What Was Sara Weaver's Life Like After The Ruby Ridge Standoff?

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The 1990s saw one of the worst domestic terrorist attacks on American soil up until that point and since: the April 19, 1995 bombing of the Alfred P. Murrah Federal Building in Oklahoma City, Oklahoma. The attack claimed 168 lives and caused several hundred injuries (according to the FBI). The bomber, a radicalized right-wing extremist named Timothy McVeigh, cited two specific reasons for his vendetta against the government of the United States (via Columbia University): the government's raid on the Branch Davidian Compound in Waco, Texas, and an attempt in Idaho to arrest a fugitive that turned into a lengthy siege in which two members of the wanted man's family — including a juvenile — and his dog were killed. Today, the event is known as the Ruby Ridge standoff, or colloquially, just Ruby Ridge.

During the siege, 16-year-old Sara Weaver stood within feet of her mother as she was struck by a sniper's bullet, according to NBC News. That was nearly 30 years ago, and Sara, like all people with post-traumatic stress disorder (PTSD), dealt with the after-effects of living through such violence. As of 2018, however, she had made peace with what happened to various members of her family.

If you or someone you know needs help with mental health, please contact the Crisis Text Line by texting HOME to 741741, call the National Alliance on Mental Illness helpline at 1-800-950-NAMI (6264), or visit the National Institute of Mental Health website.

The Weaver Family

Randy Weaver was, for a time anyway, an ordinary man. He was born in Iowa, the son of a grain salesman. By the 1980s, however, he was on a different path. Believing that the world was "corrupt" (via The Washington Post), he moved his family to a remote section of Idaho and began trying to live a life of self-sufficiency off the grid (via the Justice Department). Also at around this time, he began exhibiting behavior that would suggest he'd been radicalized; specifically, a neighbor alleged that Weaver had threatened to kill then-President Ronald Reagan, then-Pope John Paul II, and then-Governor of Idaho John. V. Evans.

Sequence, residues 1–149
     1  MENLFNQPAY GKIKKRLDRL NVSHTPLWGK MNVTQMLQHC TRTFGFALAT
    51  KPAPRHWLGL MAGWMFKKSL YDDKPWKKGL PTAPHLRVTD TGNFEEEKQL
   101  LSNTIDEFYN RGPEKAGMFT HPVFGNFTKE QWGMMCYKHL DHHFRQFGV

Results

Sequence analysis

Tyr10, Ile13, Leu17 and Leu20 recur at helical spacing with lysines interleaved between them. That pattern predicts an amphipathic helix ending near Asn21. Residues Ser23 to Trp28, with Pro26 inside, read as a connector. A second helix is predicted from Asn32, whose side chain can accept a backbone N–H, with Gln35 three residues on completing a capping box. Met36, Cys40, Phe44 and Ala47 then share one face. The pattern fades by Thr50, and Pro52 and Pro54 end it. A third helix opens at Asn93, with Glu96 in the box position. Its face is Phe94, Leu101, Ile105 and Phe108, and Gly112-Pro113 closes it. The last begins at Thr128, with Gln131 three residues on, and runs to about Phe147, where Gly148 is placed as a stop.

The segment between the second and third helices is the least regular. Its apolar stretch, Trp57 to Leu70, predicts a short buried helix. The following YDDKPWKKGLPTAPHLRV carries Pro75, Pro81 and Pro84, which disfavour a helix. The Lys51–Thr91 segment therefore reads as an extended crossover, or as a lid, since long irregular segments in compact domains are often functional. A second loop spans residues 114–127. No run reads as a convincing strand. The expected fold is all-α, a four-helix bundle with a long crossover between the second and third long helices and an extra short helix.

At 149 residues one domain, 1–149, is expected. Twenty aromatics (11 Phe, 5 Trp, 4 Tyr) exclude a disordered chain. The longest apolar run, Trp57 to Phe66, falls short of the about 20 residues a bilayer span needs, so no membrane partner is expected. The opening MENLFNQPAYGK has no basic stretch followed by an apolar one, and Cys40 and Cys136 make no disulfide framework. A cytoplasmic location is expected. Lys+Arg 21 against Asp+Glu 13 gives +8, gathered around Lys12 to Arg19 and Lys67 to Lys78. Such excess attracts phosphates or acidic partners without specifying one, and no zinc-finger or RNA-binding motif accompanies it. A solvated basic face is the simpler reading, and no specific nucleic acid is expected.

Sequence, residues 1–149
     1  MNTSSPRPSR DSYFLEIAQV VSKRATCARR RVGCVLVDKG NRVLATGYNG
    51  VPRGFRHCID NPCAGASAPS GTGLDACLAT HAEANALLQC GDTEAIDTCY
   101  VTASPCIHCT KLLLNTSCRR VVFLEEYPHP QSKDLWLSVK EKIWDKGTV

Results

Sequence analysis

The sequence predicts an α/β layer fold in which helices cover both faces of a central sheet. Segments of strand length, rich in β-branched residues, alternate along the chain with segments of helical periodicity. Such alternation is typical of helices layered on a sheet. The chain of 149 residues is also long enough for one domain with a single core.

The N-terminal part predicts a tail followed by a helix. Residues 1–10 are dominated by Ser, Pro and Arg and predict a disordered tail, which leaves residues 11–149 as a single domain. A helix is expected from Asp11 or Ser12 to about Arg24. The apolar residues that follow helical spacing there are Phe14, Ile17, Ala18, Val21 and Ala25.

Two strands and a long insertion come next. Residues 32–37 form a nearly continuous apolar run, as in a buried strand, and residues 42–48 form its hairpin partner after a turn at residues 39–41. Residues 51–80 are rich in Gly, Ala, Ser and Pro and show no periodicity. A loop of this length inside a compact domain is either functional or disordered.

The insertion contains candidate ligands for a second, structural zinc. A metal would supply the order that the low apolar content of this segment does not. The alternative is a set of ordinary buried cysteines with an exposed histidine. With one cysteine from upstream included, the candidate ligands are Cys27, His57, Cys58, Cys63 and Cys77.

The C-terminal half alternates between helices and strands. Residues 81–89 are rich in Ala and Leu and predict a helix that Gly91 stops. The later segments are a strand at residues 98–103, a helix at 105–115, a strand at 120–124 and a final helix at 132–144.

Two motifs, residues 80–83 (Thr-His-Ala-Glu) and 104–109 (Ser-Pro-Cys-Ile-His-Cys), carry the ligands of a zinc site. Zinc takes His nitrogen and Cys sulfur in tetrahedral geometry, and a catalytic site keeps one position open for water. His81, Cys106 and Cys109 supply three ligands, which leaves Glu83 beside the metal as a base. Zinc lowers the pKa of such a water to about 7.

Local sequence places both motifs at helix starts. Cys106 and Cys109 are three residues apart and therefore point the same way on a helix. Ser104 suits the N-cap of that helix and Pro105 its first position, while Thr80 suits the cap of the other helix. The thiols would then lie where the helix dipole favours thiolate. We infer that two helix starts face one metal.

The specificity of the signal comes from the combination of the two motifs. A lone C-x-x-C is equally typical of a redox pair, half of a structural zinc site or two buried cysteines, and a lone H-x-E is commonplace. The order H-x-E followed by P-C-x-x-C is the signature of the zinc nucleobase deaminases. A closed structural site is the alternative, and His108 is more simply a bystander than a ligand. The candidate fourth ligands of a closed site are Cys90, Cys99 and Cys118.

Being an anti-government radical is not, on its own, a criminal offense. But when Weaver was accused of selling illegal sawed-off shotguns to an informant, Weaver's relationship with the government soured further. According to The Washington Post, the Bureau of Alcohol, Tobacco and Firearms tried to convince Weaver to work with them as an informant in exchange for the gun charges being dropped. He refused, and a grand jury indicted him on gun charges. He failed to show up in court, and he became a wanted man.

The Ruby Ridge Siege

According to the book "Christian Identity: The Aryan American Bloodline Religion," in June 1990, an arrest warrant was sworn against Randy Weaver that alleged he had been growing marijuana, been involved in a bank robbery, had explosive traps and guns mounted on tripods around his property, and had threatened to shoot officers, among other allegations. The book claims that none of those allegations were true.

On August 21, 1992, a team of U.S. Marshals turned up near Weaver's compound, scouting the area for locations to mount an arrest mission (via NBC News). However, the team spotted Samuel — Weaver's 14-year-old son — and Weaver's friend Kevin Harris. A gunfight broke out, and soon Samuel and a Marshal were killed.

The next day, Randy Weaver was shot by a sniper but did not suffer life-threatening wounds. Weaver's wife, Vicki Weaver, as well as his teenage daughter, Sara, retreated into a cabin. A sniper shot Vicki in the head, killing her instantly, as she held her 10-month-old baby (who was not injured), according to People.

Sara Weaver would spend the next 10 days in the same cabin as the body of her mother and spent those days procuring food and water for the other people holed up on the family property, including her infant sibling. The family surrendered 10 days later.